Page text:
A forgotten corner linked to the Black Death.
There is a corner of Kirkmichael Parish churchyard where, despite the lack of space, there are no marked graves.
This is because in 1350 AD, a terrible plague, the Galor Mor, better known as the Black Death, struck the glen and its victims were buried in unmarked graves.
To ward off the plague, the Bishop of Dunkeld visited his surrounding parishes administering consecrated items, one of which was water into which the bones of St. Columba had been dipped. Those who drank the water lived; those who refused to drink died. The bishop declared that the bones of those who succumbed to the plague would retain the disease, and the corner of the churchyard where they were buried remains undisturbed.
The deadliest disease of the Medieval Age was the Black Death. It may have killed as many as half of the population of Europe. Medieval doctors were helpless against the Black Death.
The Black Death struck first in England and the Scots said ‘it had befallen them through the revenging hand of God'. They called it 'the foul death of England'. The Scots planned to take advantage of the situation by invading England when the Black Death struck north of the border.
'In 1350, there was a great pestilence and mortality of men in the kingdom of Scotland, and this pestilence also raged for many years before and after in various parts of the world.'
Scotichronicon, John of Fordun
Medieval society was deeply affected by the Black Death. Apart from the personal and family devastation it wrought, the plague all but destroyed the economic life of Scotland as well as affecting the politics and culture of the nation.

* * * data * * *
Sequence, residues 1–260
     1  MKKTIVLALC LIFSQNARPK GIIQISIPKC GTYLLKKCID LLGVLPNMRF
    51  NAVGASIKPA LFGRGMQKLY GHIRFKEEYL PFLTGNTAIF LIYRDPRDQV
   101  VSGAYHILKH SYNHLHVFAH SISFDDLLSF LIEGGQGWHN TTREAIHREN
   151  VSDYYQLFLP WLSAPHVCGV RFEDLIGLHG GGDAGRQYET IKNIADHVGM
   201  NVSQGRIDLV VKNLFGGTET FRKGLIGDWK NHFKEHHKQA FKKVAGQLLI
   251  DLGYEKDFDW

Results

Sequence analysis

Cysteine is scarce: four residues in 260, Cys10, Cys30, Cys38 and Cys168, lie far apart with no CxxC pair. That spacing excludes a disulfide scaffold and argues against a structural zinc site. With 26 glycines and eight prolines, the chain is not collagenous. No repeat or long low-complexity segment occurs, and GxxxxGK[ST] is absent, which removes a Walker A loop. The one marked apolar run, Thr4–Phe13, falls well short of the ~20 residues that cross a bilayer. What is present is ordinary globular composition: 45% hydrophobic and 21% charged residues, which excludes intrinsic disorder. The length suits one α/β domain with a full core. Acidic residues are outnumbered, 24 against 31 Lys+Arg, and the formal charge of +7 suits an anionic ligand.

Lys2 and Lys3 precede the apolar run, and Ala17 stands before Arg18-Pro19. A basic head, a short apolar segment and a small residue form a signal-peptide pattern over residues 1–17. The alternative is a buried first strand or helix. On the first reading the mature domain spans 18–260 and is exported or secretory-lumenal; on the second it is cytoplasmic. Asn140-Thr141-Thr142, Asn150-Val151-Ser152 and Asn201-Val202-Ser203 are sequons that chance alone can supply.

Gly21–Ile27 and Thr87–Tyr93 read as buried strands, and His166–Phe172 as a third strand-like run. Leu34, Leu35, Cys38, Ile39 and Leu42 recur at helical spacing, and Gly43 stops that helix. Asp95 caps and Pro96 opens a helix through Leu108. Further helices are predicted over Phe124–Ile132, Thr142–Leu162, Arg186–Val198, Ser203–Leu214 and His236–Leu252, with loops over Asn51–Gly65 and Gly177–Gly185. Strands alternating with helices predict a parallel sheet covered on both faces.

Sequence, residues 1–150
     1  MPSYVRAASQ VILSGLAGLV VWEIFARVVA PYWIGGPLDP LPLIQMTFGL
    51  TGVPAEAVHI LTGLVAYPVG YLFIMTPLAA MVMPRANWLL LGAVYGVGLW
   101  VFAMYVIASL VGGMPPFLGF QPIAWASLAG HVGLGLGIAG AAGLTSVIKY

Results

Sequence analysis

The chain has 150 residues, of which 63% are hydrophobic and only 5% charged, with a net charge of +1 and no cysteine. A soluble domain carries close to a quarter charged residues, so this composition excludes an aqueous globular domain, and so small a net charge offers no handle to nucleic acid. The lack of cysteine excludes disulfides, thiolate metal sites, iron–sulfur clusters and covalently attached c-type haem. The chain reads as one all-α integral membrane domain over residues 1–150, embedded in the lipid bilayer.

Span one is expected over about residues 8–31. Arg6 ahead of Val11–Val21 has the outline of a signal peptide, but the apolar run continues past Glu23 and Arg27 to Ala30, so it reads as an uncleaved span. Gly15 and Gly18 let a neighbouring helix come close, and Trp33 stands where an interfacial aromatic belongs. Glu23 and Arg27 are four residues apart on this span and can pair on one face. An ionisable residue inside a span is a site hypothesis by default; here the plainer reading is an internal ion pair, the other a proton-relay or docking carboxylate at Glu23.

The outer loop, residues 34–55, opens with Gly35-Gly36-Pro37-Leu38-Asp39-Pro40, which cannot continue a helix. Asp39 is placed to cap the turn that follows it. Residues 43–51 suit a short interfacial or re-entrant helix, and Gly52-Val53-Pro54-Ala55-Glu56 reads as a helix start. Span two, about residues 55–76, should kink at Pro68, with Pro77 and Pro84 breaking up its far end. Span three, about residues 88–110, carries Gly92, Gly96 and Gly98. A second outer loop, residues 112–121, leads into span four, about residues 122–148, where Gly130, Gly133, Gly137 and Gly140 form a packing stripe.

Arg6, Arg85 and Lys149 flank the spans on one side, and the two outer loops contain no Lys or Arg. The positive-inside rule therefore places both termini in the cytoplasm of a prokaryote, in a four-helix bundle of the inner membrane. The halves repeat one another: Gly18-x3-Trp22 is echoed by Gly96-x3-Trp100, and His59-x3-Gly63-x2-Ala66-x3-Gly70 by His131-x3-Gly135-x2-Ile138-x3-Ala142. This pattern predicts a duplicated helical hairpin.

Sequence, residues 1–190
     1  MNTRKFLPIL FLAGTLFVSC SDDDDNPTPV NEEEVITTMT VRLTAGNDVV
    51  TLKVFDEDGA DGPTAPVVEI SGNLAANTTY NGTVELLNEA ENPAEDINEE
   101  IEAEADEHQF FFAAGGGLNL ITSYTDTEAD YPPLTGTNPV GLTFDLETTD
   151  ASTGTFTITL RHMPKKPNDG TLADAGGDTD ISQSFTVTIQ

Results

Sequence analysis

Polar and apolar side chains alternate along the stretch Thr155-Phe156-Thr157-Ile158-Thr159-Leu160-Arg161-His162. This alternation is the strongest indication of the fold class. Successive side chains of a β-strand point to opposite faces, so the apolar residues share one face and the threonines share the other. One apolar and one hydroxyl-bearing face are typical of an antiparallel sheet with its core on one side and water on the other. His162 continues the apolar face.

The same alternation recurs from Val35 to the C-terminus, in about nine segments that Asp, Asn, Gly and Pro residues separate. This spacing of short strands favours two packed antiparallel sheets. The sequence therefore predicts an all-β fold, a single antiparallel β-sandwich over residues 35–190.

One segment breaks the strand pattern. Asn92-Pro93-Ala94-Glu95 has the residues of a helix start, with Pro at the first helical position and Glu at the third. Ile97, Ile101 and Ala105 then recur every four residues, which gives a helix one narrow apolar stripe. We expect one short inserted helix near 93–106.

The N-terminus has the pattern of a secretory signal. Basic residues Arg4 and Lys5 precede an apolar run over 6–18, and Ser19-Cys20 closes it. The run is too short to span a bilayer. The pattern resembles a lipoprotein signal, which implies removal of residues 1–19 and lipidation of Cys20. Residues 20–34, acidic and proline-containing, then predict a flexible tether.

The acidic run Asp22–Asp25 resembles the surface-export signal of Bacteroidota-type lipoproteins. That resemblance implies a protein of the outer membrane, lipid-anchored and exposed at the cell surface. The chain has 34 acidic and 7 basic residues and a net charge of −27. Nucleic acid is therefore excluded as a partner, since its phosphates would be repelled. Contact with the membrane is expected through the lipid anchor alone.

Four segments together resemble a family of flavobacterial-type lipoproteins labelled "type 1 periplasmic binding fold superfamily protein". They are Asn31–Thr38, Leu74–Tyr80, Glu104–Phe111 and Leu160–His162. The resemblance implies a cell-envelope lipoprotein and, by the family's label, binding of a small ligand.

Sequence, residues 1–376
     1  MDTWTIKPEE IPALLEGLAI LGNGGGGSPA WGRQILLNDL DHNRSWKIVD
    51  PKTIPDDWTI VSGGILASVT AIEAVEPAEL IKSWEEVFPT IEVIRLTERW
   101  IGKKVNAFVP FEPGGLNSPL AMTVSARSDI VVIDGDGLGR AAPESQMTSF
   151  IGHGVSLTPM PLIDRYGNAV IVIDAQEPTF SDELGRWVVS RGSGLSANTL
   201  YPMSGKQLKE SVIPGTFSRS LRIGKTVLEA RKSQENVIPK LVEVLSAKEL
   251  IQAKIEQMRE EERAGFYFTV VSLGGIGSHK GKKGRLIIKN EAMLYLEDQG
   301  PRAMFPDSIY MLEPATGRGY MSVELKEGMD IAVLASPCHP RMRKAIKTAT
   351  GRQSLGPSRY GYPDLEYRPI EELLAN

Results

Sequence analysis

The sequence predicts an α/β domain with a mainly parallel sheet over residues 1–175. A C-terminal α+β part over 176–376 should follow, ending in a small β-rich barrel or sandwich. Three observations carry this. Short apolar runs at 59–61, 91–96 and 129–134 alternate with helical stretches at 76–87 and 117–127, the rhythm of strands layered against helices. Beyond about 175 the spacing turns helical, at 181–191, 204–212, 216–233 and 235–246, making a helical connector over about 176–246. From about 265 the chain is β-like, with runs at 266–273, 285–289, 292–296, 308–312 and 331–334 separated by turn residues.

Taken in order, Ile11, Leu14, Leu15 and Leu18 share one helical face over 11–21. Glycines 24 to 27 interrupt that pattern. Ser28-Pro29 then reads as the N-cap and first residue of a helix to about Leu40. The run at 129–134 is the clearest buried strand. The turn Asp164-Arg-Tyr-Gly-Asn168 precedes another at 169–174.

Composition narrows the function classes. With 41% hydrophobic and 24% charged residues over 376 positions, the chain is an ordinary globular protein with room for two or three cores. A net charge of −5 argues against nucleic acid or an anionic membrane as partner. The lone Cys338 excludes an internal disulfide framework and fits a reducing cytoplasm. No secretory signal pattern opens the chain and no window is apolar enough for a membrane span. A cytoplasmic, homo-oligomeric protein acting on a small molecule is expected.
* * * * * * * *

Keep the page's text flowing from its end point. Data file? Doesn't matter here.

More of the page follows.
With so few people available to do jobs, wages rose, investment fell, and sometimes fields were simply left to rot. Scotland struggled to cope so much that it took until the late 15th century for economic prospects to recover after the initial outbreak. A whole way of life altered, and the trade and manufacturing progress that had been made after the Wars of Independence almost came to a halt.
Images of ‘the Danse Macabre’ - the Dance of Death - appeared in churches and cathedrals, reminding people that everyone, rich and poor alike, would all face death and judgement.
'The first signs of the plague were lumps in the groin or armpits. After this, livid black spots appeared on the arms and thighs and other parts of the body. Few recovered. Almost all died within three days, usually without any fever.'
Boccaccio, Florence, 1348